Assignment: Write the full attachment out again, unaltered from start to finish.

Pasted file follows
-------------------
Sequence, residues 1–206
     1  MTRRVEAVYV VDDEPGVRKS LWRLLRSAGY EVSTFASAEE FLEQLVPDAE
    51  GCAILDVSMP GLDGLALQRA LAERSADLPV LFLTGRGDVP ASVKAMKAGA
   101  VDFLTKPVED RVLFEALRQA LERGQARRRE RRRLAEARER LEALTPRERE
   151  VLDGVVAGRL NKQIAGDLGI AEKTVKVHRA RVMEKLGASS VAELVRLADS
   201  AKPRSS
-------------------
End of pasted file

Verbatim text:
Sequence, residues 1–206
     1  MTRRVEAVYV VDDEPGVRKS LWRLLRSAGY EVSTFASAEE FLEQLVPDAE
    51  GCAILDVSMP GLDGLALQRA LAERSADLPV LFLTGRGDVP ASVKAMKAGA
   101  VDFLTKPVED RVLFEALRQA LERGQARRRE RRRLAEARER LEALTPRERE
   151  VLDGVVAGRL NKQIAGDLGI AEKTVKVHRA RVMEKLGASS VAELVRLADS
   201  AKPRSS